The main device of a Steely Dan lyric is a reliance on conversations between two informed parties with us listening in, not exactly understanding all or even any of the jokes, but laughing anyway at the deft rhythms of the language, the resonant juxtapositions, and the unexpected imagery as lurid details are revealed. “My Old School” is a perfect example. Apparently, after seeing him off to college, the nameless girl he’s talking to quickly got herself detained in the county jail with the prostitutes, presumably bailed out by her father. What gets set up as a sweetly nostalgic remembrance quickly gets subverted toward the weird. In typical Dan fashion, we don’t quite know what they are talking about, but they certainly do and it’s never as sweet as the music portrays.
Listening to Steely Dan is primarily a rich musical experience. Becker and Fagan wrote their songs that way but they had the good sense to always undercut the sophistication in the music and their audiophile recordings with a little downtown grit in the lyrics. Like the subversive beat poets they admired, (“Steely Dan” after all is named after the steam-powered dildo in Burroughs’ Naked Lunch), confounding expectations and upsetting the apple cart is just their natural way of getting through a song. Despite all of their jazz tendencies and pretty chords, Becker and Fagan are still just a couple of punks and it shows in their lyrics.
The characters that populate their songs are a rogue’s gallery of various desperadoes, nightcrawlers, and outright criminals — the drug dealer hero of “Kid Charlemagne,” the dead-ender barricaded in with his case of dynamite in “Don’t Take Me Alive,” and the delusional paranoid who eyes the gravediggers in “Bad Sneakers.” And the scenes they set tend to the apocalyptic in “Black Friday” or post-apocalyptic in “King of the World,” but also the trouble-in-paradise suburban scenes as in “Deacon Blues.” Like their beat poet heroes, Becker and Fagan smartly explore the underbelly of every setting and are careful to mine a little humanity wherever they go.
The last defense I present for these musical obsessives is just how damn good they are at asymmetrical construction. Most anal retentives make every determination based on neatness and squared-off symmetry but not so with Becker and Fagan who are modernists, not classicists. Like Alexander Calder whose colorful mobiles are a study in off-kilter balance, Steely Dan songs have a vitality and an internal logic and forms that extend beyond the typical groupings of 4 and 8 bars and whose phrase constructions do not always mirror each other. Songs like “Babylon Sisters,” or better yet, “Gaucho” from the same album allow their serpentine melodies to define the path each song takes, not some preconceived notion of how songs should be written.
Like Burt Bacharach of the previous decade, Becker and Fagan keep their sense of form fluid and abstract, which sounds just as bourgeois and elitist when you say it, but this skillful use of asymmetry, like their lyrics, subtly work to subvert and balance the lustrous perfection they try to achieve in the sound and performance of their records. Listen to how the unpredictability of the song form confounds expectations and keeps the precision of their record-making from getting boring or predictable:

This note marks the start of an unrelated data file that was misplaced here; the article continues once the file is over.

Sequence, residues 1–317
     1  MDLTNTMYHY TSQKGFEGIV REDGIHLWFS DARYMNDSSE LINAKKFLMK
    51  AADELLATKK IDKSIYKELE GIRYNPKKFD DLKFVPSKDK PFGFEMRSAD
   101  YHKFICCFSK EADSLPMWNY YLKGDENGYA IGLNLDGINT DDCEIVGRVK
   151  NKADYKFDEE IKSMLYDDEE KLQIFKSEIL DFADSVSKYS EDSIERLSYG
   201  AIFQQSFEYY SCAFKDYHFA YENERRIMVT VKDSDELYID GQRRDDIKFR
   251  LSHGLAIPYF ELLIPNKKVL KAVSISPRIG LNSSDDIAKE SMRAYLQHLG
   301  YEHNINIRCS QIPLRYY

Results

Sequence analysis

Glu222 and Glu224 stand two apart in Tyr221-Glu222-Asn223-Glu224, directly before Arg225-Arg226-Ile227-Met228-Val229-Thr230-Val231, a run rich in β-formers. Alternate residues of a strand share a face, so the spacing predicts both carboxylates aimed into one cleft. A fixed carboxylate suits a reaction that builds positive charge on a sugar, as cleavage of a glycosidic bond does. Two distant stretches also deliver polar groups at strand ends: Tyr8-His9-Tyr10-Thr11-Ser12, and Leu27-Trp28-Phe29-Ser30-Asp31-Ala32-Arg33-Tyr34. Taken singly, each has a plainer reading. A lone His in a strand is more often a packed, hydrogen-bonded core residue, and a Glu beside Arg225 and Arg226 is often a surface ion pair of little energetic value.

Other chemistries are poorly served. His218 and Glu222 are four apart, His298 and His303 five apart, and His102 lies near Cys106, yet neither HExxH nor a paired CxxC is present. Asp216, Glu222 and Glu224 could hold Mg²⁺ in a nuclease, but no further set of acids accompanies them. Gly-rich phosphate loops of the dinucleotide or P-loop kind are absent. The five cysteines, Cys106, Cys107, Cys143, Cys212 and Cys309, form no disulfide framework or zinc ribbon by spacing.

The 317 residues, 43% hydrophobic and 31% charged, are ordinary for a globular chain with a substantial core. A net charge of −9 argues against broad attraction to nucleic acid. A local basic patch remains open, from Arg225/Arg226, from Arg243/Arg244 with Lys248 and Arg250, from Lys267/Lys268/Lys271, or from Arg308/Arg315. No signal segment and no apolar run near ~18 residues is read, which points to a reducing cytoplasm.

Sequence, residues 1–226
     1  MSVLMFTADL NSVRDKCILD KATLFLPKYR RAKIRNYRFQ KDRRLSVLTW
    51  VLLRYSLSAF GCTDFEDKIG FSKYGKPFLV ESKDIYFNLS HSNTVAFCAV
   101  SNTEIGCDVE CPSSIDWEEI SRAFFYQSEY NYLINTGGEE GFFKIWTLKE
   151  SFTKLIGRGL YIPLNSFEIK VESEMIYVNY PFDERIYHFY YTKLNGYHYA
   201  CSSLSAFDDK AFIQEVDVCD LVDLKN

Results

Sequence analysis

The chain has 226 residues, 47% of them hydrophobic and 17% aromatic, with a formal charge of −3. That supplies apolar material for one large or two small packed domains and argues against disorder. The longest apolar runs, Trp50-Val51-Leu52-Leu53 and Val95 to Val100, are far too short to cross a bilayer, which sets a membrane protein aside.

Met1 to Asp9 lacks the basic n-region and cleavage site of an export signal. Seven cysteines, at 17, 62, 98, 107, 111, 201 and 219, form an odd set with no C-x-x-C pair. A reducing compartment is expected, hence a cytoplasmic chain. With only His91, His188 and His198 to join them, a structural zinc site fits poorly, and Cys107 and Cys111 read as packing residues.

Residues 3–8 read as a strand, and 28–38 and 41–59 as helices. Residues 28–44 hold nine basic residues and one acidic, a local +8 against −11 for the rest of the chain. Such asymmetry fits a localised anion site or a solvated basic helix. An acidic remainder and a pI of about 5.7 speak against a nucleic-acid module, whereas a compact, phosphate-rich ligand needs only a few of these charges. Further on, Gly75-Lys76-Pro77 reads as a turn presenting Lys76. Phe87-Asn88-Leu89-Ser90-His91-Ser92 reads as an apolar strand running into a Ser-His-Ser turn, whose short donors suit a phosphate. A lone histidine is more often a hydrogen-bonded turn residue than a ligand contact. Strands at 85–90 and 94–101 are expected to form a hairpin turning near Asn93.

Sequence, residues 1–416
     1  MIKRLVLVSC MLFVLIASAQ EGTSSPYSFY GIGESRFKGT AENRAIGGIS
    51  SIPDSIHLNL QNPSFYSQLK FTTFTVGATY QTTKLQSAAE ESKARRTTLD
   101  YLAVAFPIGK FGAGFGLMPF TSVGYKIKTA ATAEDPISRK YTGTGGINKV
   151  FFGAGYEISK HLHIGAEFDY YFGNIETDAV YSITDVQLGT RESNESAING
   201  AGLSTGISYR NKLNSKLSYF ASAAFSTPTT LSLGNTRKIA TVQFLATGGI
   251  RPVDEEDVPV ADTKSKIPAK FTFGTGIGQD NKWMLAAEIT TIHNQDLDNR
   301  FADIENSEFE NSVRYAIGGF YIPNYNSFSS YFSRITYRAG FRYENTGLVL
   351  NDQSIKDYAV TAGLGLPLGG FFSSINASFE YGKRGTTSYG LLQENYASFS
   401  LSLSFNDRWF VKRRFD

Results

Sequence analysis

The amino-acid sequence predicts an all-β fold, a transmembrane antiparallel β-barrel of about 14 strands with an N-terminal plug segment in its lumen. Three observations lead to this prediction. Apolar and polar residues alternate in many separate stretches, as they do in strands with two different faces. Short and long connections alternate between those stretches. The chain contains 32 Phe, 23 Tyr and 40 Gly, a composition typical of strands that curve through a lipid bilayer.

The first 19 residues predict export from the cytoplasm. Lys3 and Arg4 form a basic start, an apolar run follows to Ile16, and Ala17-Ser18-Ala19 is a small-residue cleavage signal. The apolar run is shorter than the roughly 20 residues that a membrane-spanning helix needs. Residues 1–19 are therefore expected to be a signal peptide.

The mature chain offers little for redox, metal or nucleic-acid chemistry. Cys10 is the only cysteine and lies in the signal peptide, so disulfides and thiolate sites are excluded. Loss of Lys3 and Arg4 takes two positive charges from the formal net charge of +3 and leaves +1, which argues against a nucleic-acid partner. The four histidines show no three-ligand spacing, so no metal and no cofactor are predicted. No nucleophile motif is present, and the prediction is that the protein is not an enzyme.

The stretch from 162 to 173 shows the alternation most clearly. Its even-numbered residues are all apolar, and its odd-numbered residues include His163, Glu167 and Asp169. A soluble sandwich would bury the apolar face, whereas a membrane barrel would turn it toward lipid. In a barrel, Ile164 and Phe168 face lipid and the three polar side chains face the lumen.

Yes, Steely Dan’s music is extremely well made but it is not formulaic. Yes, for a couple of miscreants, Becker and Fagan do love their pretty shimmering chords, but they balance their sense of beauty with truly twisted lyrics and an abstract sense of phrasing. And despite the glossy surface they achieve with their craft, Steely Dan’s ambitions are artistic and human — an exploration into their catalog may yield unexpected results with an ear bent toward appreciating these subversive elements and digging those blistering solos.
Becker and Fagan’s tendencies eventually got the better of them. After making an album per year for their first six records, each one more refined than the previous, culminating with their masterpiece, Aja in 1977, it took them three grueling years to produce the Gaucho album. After that, they called it quits for Steely Dan, the two principles going their separate ways (the Eagles’ album-making obsession followed an identical arc, it’s interesting to note).
Steely Dan did later reconvene in the 90s as a touring band and even created two new studio albums in the early 2000s, but this part of their career was primarily devoted to live performance of their demanding earlier works, letting their fans revel in their past glories. True perfectionists, Becker and Fagan had no interest in touring after 1974 until advancing technology made reproducing their complex arrangements and productions possible on stage with modern stage monitoring, amplification, and sound reinforcement, not to mention the ability to assemble and rehearse a crack band and attract a devoted audience to support the whole endeavor. Absence made the hearts of Dan fans grow rabid — the tours were big successes with audiences swooning and the younger musicians getting to perform those demanding songs most of them so admired. I got to see two of these tours (with full horn sections and three background singers) and, although Walter Becker left us recently, it was clear that he was deeply enjoying the indulgence of strapping on a guitar, soloing all night, and hearing the music he and Donald Fagan had brought into the world played so expertly with the arrangements meticulously reproduced, and with a beautiful stage sound to experience. Famously camera-shy, they were never in it for the attention, so a Steely Dan concert was a rare opportunity not to be missed for fans and musicians alike.
Those seven early Steely Dan albums created over the span of nine years all contain gems worth mining. I hope I’ve sparked some curiosity and brought some context to help appreciate them. I know their perfectionism is off-putting for some, but look for those disruptive elements that bring out what I consider to be true about Steely Dan, that under all of the gloss that they are still essentially rock and roll. You can find it if you look.
When CKLW was America and Canada’s Greatest Rock and Roll Station: